Product Hunt has begun rolling out a feature that allows you to shop right on the community site. Select products will now feature a buy button that creates another opportunity for product makers to sell their goods. This process is powered by Stripe and starts with five initial products — Eero, Electric Objects, Oristand, Blockhead, and “Octobrellas” from Blunt — thanks to a partnership with GE.
In a recent poll of its community, the company discovered that “nearly 50 percent” of respondents said they’d bought something found on Product Hunt. It’s this result that has helped establish a buy button. CEO Ryan Hoover explained that when you visit a product page with a buy button, tapping on it will direct you to enter your shipping information, choose a credit card on file or enter a new one, and make the purchase.
The goal of this effort is to “reduce friction over time to purchase,” Hoover explained. Although Product Hunt will receive an undisclosed percentage of each purchase — making this the first significant revenue-generating service the company offers — it won’t go out of its way to hide any purchase links on a hunted product.
Limiting the launch to five products was intentional, because it’s a number that Hoover said is “logistically easier” and will allow the company to learn from the experience. The chosen items were selected because they’ve been previously featured on Product Hunt and received some traction. “When we reached out to those founders, most responded within the first 10 minutes and were eager to work with us,” Hoover remarked.
He also shared that the products were chosen based on the problem they solve, the price, and the reaction from the community, adding: “The primary goal was to get a diverse set of products.”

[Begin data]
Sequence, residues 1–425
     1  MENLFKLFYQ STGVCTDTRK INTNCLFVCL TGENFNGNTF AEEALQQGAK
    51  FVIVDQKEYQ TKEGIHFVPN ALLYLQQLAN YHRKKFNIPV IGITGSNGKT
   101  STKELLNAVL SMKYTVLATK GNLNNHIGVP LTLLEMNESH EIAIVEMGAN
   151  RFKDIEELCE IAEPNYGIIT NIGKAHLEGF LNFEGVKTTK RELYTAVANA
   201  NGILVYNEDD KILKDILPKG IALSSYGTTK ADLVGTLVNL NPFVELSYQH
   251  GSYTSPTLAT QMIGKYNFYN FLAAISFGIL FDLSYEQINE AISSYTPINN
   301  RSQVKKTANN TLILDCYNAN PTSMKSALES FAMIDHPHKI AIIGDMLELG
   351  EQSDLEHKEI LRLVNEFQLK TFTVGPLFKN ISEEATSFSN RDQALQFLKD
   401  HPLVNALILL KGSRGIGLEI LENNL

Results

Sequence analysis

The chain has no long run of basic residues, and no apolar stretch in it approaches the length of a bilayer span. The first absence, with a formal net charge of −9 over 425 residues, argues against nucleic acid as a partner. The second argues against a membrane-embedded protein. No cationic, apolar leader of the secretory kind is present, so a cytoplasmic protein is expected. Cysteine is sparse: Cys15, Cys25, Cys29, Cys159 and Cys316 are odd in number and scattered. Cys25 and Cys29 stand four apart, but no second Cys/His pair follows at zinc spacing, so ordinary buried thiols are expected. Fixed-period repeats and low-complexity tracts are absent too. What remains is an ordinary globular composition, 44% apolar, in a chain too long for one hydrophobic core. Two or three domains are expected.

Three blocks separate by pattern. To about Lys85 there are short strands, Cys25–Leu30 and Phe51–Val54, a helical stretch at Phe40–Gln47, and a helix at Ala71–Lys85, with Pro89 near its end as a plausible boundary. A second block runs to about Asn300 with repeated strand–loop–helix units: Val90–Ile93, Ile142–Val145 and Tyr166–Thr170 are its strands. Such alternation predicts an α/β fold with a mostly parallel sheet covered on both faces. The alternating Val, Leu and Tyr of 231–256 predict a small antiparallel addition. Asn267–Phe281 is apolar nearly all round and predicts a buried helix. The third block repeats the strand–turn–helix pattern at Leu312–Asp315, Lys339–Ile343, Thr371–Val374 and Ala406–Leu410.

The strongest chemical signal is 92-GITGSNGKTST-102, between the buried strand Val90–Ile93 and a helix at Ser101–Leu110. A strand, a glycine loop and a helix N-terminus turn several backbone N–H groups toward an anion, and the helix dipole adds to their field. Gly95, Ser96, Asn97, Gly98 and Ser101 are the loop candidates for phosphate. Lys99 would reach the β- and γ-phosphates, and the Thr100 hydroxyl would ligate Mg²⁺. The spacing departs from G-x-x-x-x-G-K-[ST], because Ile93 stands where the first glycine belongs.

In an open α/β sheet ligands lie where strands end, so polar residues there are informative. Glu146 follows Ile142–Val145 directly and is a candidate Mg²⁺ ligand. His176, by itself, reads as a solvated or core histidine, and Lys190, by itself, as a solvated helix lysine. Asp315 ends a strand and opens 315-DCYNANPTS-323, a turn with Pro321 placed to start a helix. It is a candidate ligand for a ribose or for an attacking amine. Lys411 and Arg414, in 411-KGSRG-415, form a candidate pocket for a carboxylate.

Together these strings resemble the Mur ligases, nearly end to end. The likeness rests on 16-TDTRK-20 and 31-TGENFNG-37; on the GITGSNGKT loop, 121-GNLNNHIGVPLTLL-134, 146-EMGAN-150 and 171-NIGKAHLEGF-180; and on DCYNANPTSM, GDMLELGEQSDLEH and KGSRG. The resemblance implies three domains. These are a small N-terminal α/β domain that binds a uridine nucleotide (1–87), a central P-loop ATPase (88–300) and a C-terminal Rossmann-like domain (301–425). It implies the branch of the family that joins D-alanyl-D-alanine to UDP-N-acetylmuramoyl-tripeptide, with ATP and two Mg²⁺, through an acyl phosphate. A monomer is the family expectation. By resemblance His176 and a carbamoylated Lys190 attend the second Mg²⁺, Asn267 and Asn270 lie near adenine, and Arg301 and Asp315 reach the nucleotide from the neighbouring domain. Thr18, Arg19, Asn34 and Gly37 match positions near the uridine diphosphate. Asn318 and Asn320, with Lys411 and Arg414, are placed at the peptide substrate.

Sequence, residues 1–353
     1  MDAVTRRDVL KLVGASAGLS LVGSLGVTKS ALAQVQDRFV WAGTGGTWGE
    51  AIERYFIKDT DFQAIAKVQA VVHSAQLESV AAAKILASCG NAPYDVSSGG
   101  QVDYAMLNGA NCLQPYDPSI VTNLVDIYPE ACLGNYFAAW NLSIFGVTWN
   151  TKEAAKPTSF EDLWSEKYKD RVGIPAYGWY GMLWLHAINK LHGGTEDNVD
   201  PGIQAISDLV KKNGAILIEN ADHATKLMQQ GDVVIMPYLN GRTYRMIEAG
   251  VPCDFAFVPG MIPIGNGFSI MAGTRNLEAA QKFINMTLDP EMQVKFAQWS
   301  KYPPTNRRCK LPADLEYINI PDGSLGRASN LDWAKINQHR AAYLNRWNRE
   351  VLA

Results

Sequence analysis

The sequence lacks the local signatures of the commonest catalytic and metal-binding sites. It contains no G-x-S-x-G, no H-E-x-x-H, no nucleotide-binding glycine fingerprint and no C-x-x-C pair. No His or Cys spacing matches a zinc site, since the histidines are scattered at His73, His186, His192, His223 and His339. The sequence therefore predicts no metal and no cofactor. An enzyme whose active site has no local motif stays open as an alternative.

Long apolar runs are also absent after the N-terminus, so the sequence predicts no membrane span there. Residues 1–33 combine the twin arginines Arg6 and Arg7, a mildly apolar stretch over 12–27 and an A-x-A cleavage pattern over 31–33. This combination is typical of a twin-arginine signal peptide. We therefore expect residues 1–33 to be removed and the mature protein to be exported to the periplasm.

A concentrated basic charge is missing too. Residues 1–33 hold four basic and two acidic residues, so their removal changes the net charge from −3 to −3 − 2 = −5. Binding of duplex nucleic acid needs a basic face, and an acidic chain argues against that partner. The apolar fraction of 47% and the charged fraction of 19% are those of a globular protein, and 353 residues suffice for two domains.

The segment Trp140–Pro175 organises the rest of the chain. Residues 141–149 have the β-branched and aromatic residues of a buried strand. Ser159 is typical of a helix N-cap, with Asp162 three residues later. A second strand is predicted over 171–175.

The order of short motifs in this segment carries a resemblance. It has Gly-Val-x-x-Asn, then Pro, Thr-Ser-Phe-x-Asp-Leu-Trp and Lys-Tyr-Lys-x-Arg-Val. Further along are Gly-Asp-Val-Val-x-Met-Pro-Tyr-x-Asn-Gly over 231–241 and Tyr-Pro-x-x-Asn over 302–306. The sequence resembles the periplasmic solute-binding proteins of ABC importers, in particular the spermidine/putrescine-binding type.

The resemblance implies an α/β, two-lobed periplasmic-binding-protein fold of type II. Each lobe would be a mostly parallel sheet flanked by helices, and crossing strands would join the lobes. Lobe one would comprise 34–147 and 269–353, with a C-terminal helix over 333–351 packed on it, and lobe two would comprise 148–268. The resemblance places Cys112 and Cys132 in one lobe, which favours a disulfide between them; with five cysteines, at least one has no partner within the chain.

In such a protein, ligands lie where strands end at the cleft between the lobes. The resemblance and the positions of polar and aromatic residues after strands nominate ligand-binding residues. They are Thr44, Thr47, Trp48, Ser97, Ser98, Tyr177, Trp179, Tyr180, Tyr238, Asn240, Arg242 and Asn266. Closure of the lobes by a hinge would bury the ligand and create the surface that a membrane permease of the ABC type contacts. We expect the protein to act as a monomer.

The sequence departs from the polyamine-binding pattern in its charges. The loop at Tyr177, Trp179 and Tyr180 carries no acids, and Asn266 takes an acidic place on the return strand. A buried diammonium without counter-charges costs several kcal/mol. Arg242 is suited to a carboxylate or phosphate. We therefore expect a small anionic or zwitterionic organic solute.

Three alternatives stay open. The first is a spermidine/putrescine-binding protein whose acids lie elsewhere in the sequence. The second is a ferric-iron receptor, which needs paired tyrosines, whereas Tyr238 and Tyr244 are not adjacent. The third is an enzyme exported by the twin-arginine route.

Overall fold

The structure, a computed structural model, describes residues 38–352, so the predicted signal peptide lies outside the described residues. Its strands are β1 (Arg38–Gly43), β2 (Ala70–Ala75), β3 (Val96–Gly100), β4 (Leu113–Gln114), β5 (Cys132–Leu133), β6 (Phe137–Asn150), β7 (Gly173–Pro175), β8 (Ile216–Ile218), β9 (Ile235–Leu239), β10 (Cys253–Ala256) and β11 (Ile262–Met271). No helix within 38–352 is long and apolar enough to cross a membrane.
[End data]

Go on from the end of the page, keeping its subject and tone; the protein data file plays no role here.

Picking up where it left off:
In the beginning, the company will be selective about which brands receive the green “buy now” button, as Product Hunt is interested in aligning itself with the right partners. Eventually it’ll start on-boarding more products as people reach out with more interest. There’s even a central marketplace that curates all of the selected items to make it easier for people to find them.
While there may be a lot of activity taking place on Product Hunt, the collected data could be an incredibly powerful tool in helping target products to users and in monitoring which products people purchase. I wondered if this could be used to fine-tune recommendations, among other things. Hoover didn’t disagree with this assessment, but said that the company doesn’t yet have an end-to-end funnel on what is being purchased. In the long-term, he believes the data could result in improved targeting, however, as it certainly provides a higher signal than data from people simply clicking the “more info” button on the site.
People are also drawn to highly upvoted products, which could motivate them to make a purchase. If you see hundreds of votes around a new app, that activity might indicate significant traction and convince you to investigate, and perhaps purchase it. This is where Product Hunt’s buy button could come in handy. Beyond the standard products featured on the site, the buy button could also be used for books, podcasts, and more.
For Hoover’s part, he wants to make buying something directly from Product Hunt painless. “We know that people are purchasing things [on Product Hunt] and want to make it easier and a better experience while helping makers sell more and directly reach customers they want to reach,” he said.
Product Hunt’s buy button will be supported on both the mobile and desktop Web, but not currently on its iOS and Android apps.